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However, aside from that bit of whimsy, this game is all business. Every facet of NBA play is reproduced: shot clocks, violations, turnovers, streaks, slumps, fatigue. How authentic is NBA Showdown? Golden State Warrior rookie Chris Webber was seen playing the game during Game 2 of last year's NBA Finals. Instead of watching to see which of his future competitors would be crowned the next champions of the basketball world, Webber was busy blistering his thumbs playing a fantasy game. Then again, maybe he prefers a simulation to the real thing for a reason: The video game doesn't allow you to call a timeout you don't have.
If 82-game seasons and 24-second shot clocks leave you cold, but you can't get enough of zone defenses and the four corners, then NCAA Basketball ( Nintendo for Super Nintendo, $49.95) is for you. And though the game does come complete with all the teams from five major-college conferences ( ACC, Big East, SEC, Big 8, SWC) along with their 1991-92 rosters, the real appeal of NCAA Basketball lies in its smooth play and revolutionary graphics.
Using technology unique to the Super Nintendo machine, NCAA Basketball gives you a ball-handler's-eye view. With each pass of the ball the court rotates, and you feel as though you are actually on the hardwood. You can see plays develop, lanes to the hoop open up and teammates spring open off picks. When you call for a specific play or defensive formation, you can see your teammates setting up and getting into position. NCAA Basketball may be the only video game that offers you a better understanding of the real game.
You can play an entire conference schedule for any one of 44 teams, and a good record will earn you a bid to the NCAA tournament. However, trying to reach the Final Four is tougher than penetrating a triangle-and-two (you'll know what that means once you play the game). If you're determined to win it all, good luck—you may not emerge from your den until sometime in the spring, giving new meaning to the term March Madness.
Unlike the other basketball games, Michael Jordan in Flight ( Electronic Arts for IBM and compatibles, $59.95) uses video footage of Jordan and other players rather than animated images. When you play Jordan in Flight, you control Jordan's image on the screen, not merely a cartoon of Jordan. This effect was made possible by combining traditional video-game production methods with two other seemingly unrelated technologies: special-effects techniques used in feature films and commercial flight-simulator programming.
To make the game, Jordan was first filmed performing various moves on a soundstage in Chicago. The filmmakers used a blue-screen technique, similar to the one used to generate the special effects in movies like Star Wars, so that Jordan's image could be superimposed onto a computerized basketball court. These images were then digitized and translated into computer code so that they could be manipulated by ZCT Systems, a company that designs flight simulators to train commercial airline pilots. ZCT's programming effectively made the game player the "pilot" and Jordan the "plane." Jordan then added his own tactical expertise to the video game.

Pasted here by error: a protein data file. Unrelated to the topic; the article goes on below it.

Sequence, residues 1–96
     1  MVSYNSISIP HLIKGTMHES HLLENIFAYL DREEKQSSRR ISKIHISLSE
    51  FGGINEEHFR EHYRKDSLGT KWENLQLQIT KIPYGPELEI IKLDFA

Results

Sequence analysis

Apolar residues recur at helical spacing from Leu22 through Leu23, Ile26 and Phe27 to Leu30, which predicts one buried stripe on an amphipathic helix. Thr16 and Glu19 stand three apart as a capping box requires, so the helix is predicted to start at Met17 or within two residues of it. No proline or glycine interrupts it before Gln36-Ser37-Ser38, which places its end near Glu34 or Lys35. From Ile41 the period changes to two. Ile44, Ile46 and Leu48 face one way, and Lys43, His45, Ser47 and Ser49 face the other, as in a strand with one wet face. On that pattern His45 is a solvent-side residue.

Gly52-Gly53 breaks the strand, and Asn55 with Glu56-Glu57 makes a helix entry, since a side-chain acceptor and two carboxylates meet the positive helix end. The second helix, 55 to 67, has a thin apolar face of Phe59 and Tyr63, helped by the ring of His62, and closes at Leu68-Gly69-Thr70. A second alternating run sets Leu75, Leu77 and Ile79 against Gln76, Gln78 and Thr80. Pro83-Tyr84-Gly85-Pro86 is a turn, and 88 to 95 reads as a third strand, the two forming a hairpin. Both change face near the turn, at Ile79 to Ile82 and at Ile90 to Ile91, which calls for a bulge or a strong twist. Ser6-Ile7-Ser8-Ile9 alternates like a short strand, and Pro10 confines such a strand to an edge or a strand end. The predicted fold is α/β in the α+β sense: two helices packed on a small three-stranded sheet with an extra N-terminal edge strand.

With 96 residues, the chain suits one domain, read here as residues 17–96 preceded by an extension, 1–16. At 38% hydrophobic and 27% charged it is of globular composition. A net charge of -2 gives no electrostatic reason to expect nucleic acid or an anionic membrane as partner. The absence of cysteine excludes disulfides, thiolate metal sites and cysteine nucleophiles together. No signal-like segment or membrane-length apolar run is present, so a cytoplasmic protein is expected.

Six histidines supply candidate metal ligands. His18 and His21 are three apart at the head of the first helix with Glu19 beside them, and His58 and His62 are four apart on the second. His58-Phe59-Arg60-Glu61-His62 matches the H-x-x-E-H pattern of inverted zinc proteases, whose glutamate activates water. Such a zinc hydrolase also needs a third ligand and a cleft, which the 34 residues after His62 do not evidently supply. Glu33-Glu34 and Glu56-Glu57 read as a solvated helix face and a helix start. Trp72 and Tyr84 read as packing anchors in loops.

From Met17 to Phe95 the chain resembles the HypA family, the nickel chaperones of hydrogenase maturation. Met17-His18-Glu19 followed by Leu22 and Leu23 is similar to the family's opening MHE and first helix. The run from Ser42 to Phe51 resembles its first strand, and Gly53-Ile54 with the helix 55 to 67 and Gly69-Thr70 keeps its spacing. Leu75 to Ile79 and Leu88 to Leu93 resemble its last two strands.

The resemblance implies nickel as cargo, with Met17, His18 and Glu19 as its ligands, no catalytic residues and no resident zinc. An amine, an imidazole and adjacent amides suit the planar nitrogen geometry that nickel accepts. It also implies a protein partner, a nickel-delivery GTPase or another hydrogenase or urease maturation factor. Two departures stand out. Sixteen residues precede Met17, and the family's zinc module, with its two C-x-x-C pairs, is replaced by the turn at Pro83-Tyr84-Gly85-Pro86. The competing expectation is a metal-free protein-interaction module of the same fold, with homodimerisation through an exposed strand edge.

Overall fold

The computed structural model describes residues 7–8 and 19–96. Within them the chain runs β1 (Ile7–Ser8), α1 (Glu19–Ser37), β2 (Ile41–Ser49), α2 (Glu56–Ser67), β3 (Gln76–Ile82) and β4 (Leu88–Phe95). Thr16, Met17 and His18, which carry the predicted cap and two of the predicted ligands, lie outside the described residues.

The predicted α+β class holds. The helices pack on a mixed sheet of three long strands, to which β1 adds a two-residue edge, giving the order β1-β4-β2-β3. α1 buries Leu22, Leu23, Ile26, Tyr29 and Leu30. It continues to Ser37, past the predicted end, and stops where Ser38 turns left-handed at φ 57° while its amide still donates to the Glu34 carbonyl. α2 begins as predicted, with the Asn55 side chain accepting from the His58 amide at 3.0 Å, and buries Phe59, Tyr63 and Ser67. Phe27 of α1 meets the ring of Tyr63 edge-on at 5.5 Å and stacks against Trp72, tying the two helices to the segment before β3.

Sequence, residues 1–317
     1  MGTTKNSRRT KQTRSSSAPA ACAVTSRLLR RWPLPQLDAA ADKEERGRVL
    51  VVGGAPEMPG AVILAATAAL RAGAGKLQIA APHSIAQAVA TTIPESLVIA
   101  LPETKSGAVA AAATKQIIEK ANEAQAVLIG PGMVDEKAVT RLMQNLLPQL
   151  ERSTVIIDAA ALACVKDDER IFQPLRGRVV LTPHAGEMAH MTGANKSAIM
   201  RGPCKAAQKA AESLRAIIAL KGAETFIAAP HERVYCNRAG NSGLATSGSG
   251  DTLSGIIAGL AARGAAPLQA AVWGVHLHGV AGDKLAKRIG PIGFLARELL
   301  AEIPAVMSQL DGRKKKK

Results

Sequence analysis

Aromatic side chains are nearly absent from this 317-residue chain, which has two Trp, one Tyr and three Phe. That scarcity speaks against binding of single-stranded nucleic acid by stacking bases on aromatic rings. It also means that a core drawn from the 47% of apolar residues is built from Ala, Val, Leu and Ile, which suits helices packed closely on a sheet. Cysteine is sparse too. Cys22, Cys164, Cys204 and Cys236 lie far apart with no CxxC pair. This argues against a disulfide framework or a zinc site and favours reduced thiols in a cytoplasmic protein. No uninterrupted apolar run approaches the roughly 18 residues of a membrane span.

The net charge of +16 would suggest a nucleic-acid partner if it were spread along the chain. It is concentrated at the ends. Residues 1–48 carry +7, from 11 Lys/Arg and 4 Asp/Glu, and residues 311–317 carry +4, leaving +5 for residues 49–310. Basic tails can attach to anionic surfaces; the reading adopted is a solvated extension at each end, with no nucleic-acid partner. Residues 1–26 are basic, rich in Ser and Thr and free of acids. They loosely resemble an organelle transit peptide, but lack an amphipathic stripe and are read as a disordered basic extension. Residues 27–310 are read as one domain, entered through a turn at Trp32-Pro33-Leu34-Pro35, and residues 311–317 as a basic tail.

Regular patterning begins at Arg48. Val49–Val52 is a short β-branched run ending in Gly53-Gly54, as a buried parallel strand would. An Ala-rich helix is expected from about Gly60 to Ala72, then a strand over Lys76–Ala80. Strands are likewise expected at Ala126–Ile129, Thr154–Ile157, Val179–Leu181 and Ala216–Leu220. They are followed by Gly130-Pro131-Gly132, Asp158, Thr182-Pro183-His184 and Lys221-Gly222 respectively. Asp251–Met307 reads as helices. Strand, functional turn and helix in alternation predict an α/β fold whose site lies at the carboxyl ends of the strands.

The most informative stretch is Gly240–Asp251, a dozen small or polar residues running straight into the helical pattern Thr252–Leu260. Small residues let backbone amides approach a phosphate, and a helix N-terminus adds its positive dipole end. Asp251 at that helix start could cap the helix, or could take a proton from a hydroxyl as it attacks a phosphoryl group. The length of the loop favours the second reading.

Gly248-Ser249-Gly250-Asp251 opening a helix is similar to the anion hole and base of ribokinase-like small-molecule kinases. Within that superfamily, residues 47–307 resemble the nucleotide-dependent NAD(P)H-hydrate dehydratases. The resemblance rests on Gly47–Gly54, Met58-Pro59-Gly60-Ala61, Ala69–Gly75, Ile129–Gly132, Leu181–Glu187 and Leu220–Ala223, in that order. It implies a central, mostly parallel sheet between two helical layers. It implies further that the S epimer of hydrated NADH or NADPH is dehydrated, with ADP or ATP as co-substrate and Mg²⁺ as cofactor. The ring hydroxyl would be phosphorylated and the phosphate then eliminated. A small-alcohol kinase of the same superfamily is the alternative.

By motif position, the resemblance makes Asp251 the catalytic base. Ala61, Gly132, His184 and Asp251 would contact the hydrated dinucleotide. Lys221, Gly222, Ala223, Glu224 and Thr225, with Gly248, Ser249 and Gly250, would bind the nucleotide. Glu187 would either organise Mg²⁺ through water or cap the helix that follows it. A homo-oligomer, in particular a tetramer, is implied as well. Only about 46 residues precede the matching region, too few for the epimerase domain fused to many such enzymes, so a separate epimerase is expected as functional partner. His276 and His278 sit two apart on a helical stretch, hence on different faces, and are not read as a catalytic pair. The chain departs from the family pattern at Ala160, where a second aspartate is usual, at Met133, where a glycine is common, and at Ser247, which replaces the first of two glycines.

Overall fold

The result is a stunning basketball simulation that is more akin to a virtual-reality program than to an arcade-style game. You are Michael Jordan. Playing in a three-on-three pickup game, you set picks, block out for rebounds, weave through traffic and, of course, take to the air for emphatic and artistic slams. The effect is so realistic, it's dizzying. In fact, it takes a little while to get your bearings and figure out how to move around. It's not easy being Jordan: Most of us aren't used to covering so much ground so quickly or skying the hoop or hitting the 20-footer.
When you score a basket, you can watch it again with an instant-replay feature that allows you to see the shot from any angle. You can even put together your own highlight film. It's up to you to provide the inane voice-over.
As Michael Jordan in Flight demonstrates, video-game technology is progressing by leaps and rebounds. It is probably only a matter of time before you will be able to turn on your TV, tune in to a basketball game and join in the action by putting on a virtual-reality helmet and slipping into the body of one of the players. And when that happens, video games will have succeeded in bringing the sport right where it should be—in your face.